results are obtained when arginase is activated at 37C in the presence of 0.05 or
5 mM Mn+.
The pH optima for beef and rat liver
arginase are between pH 9.0 and 10.5 ( 15).
and the enzymes have been assayed at
several different pH values in this range.
This complicates kinetic studies of arginase.
The pk of the cu-amino group of arginine
is 9.04 (23) or 9.36 (22). Consequently,
the
relative concentration
of monocationic and
zwitterionic
arginine will vary depending
on the pH used for the assay and it is not
established with certainty which is the better
substrate (24). In addition. the degree of
complex
formation
between
Mn? and
arginine will increase with increasing pH.
and, finally. Mn+ solutions
turn brown
when exposed to high pH. Thus, even though
the activity
of arginase is lower,
much
more consistent
results can be obtained
when kinetic studies are carried out at
physiological
pH.
Failure to correct for substrate depletion
can substantially
increase the K,,, value
determined from a steady-state kinetic study
(14). For example,
in a typical kinetic
study of arginase using the Archibald assay
and a 5-min incubation of substrate and
enzyme, calculations
show that the K,,,
would be over 25% greater if no correction
were made for substrate depletion. Since 5and IO-min incubations are commonly used
in kinetic studies of arginase, this factor
probably contributes to the wide range ofk,,,
values observed.
A related problem is the substrate concentration range employed in a steady-state
kinetic study. Cleland recommends a range
of substrate concentrations
from 0.2 to 5
K,,, for determining K,,, (25). Rosenfeld cf trl.
( 10) report K,,, = 0.3-0.4 mM for beef liver
arginase but use only a 0.5 to 1.O mM range

ARCINASE

of arginine

concentrations.

Hirsch-Kolb

rt (11. (15). on the other hand, report K,,,

values of 7 and 20 mM for beef and rat


liver arginase, respectively, and use a substrate concentration
range from 5 to 100
mM arginine. The use of an inappropriate
range of substrate concentration is likely to
contribute to errors in the K,,, values.
The values of K,,, we report are in best
agreement with values of 1.0 mM for beef
(7). 2.4 mM for rat (26), and 1.4 tItM for
rabbit (27) liver arginase. Most of the k,,,
values reported for liver arginases are considerably higher than these values, probably,
in part, for reasons discussed above.
In summary, the information
presented
here will allow arginase to be assayed under
a wider range of conditions and should
prove useful for steady-state kinetic studies
of the enzyme.
REFERENCES
I. Ruegg.
U. T.. and Russell.
A. S. (1980) And/.
Eiochem.
102, 206-212.
2. Archibald.
R. M. (1945) J. Biol. Ch~nr. 157, 507517.
3. Van Slyke.
D. D.. and Archibald,
R. M. (1946)
J. Bid. Chem. 165, 293-309.
4. Schimke.
R. T. (1970) in Methods
Enzymology
(Tabor.
H., and Tabor. C. W.. eds.). Vol. l7A,
pp. 313-317.
Academic
Press, New York.
5. Ward, R. L.. and Srere. P. A. (1967) ,4no/. Riothem.
18, IOZ- 106.
6. Hirsch-Kolb.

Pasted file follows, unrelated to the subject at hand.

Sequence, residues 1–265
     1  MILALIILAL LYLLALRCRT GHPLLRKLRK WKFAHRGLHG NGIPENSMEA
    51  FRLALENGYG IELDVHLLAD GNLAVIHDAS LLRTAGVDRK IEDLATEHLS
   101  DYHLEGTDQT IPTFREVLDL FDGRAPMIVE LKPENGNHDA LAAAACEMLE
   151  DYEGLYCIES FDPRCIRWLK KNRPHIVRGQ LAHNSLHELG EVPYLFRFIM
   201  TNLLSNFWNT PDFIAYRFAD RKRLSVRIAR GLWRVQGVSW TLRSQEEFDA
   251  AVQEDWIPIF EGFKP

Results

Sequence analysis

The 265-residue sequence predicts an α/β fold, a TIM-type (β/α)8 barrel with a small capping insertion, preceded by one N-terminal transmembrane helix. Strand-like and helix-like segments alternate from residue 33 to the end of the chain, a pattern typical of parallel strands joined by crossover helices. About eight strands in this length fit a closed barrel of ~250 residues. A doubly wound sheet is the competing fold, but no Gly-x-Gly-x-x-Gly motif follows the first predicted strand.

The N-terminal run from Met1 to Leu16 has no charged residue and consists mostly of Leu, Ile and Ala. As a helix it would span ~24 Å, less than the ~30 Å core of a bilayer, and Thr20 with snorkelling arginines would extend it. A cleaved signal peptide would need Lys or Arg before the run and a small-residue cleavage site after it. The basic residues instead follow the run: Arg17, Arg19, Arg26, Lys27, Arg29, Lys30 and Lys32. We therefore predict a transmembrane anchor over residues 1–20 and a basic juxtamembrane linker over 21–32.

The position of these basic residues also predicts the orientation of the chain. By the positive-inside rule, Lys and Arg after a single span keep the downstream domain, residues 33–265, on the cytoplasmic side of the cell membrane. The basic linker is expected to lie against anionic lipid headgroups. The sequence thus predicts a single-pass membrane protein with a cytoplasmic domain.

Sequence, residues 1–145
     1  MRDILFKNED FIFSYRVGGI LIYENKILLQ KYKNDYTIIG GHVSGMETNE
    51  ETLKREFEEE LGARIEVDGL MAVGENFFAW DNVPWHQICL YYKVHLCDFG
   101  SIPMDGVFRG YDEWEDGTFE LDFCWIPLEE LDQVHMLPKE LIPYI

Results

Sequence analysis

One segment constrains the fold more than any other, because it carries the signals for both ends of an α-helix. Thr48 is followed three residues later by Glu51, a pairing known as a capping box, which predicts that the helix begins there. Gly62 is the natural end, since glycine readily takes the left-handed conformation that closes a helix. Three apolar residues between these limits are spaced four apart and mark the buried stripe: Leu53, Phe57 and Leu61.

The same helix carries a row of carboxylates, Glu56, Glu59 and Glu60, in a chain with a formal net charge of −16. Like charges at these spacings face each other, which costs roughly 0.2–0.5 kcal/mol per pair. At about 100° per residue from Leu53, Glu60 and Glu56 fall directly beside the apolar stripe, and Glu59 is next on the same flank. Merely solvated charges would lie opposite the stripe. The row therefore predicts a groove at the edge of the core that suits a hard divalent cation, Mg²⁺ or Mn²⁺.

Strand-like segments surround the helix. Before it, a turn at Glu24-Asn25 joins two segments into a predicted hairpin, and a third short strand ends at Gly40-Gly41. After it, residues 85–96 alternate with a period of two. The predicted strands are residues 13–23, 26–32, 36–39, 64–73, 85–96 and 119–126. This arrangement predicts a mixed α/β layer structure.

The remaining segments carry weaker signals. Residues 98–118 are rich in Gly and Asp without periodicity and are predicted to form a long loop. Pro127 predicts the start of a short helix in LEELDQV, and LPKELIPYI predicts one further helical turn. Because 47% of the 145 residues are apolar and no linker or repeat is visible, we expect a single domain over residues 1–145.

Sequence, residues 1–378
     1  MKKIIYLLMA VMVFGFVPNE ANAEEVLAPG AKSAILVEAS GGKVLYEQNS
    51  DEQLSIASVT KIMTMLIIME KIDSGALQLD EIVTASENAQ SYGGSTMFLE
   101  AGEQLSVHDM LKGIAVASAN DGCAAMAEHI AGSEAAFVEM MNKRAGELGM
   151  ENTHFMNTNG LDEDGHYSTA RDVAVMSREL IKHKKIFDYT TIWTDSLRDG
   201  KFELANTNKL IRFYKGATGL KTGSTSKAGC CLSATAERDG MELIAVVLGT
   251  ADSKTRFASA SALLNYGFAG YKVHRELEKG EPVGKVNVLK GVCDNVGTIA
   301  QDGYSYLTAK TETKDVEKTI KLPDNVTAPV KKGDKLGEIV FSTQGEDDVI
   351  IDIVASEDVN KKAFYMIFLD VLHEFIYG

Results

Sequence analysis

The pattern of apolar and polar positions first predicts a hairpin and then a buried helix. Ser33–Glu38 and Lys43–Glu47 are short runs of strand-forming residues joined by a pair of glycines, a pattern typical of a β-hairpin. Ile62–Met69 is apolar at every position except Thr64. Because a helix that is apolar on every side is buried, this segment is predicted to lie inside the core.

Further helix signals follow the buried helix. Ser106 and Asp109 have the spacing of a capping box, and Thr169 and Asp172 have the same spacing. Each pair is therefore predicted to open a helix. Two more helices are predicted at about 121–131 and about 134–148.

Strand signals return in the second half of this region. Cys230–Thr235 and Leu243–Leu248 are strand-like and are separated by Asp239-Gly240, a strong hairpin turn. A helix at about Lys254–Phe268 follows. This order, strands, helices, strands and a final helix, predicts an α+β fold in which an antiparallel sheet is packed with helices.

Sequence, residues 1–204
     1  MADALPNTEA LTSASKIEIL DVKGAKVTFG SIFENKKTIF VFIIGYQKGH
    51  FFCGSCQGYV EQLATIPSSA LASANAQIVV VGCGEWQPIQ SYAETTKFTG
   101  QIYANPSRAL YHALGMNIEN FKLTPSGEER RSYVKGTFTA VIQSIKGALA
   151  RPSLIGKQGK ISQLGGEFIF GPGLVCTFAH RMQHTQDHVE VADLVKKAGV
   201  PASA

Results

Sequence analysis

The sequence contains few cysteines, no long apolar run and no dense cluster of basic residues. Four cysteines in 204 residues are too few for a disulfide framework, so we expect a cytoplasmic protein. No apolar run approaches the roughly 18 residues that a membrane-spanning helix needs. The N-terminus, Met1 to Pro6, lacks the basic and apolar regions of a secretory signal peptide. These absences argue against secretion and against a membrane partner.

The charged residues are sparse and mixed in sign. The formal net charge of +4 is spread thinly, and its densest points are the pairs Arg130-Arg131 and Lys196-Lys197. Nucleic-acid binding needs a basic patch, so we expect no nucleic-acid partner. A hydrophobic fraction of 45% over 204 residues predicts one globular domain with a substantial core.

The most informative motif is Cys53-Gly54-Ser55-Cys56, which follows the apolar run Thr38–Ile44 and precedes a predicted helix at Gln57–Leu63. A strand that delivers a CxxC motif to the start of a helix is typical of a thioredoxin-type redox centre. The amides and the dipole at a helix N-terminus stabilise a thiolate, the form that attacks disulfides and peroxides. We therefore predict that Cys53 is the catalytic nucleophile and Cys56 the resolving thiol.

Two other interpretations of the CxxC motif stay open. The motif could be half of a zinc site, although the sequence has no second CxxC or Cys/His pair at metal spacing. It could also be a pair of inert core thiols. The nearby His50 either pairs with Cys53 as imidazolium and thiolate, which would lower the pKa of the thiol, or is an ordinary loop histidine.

H.. and Greenberg.
D. M. (1968)
J. Bic~f. C-hem. 243, 6123-6129.
7. Harell,
D.. and Sokolovsky.
M. (1972) Eur. J.
Bioc~hrm.
25, 102-108.

ASSAY

365

8. Kaysen.
G. A., and Strecker,
H. J. (1973) Bioc~hertl. J. 133, 779-788.
9. Kuchel.
P. W.. Nichol,
L. W.. and Jeffrey.
P. D.
(1975) J. Bird. Chenz. 2.50, 8222-8227.
10. Rosenfeld.
.I. L.. Dutta.
S. P., Chheda.
G. B.,
and Tritsch,
G. L. (1975) Bioc,him.
Bioph.vt.
Ac,rc~ 410, 164- 166.
I I. Schimke,
R. T. (1964) .!. Rio/. Ckcm.
239, 380%
3817.
I?. Bergmeyer,
H. U. (1974) in Methods
of Enzymatic
Analysis,
Vol. 4. pp. 1794-1798.
Academic
Press, New York.
13. Wilkinson,
G. N. (1961) Biochern.
J. 80, 324-332.
14. Pace. C. N. (1980) Trends Eiochrnr.
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IS. Hirsch-Kolb,
H., Heine. J. P., Kolb, H. J.. and
Greenberg,
D. M. t 1970) Con~p.
Bioc,hem.
Phy.tio/.
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16. Hirsch-Kolb.
H.. Kolb,
H. J.. and Greenberg.
D. M. (197l)J.
Viol. Chcnr. 246, 395-401.
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J. W. (1966) Camp. Biochcm.
Physird.
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18. Thiers.
R. E., and Vallee.
B. L. (1957) J. Bid.
Chern. 226, 91 l-920.
19. Scrutton,
M. C.. Utter. M. F.. and Mildvan.
A. S.
(1966) J. Bird. Chenr. 241, 3480-3487.
20. Musznska.
G., and Ber. E. (1979). frrr. .I. Hi+
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M.. Niina.
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I. (1976)
Rioinorgnn.
Chern. 6. l33- 143.
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E. R.. and Mat-tell, A. E. (1970) .I. Inrq.
Nut,/. Chrm.
32, 91 l-926.
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E. J.. and Edsall. J. T. (1943) Proteins,
Amino
Acids,
and Peptides,
p. 85, Hafner,
New York.
34. Greenberg.
D. M. (1960) in The Enzymes
(Bayer,
P. D., Lardy,
H.. and Myrback.
K.. eds.). 2nd
rd..
Vol. 4. pp. 257-367.
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Press.
New York.
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26. Schimke.
R. T. ( 196?).1. Viol. Clren). 237,459-468.
27. Vielle-Breitburd.
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Chrrn. 247, 1327- 13.5.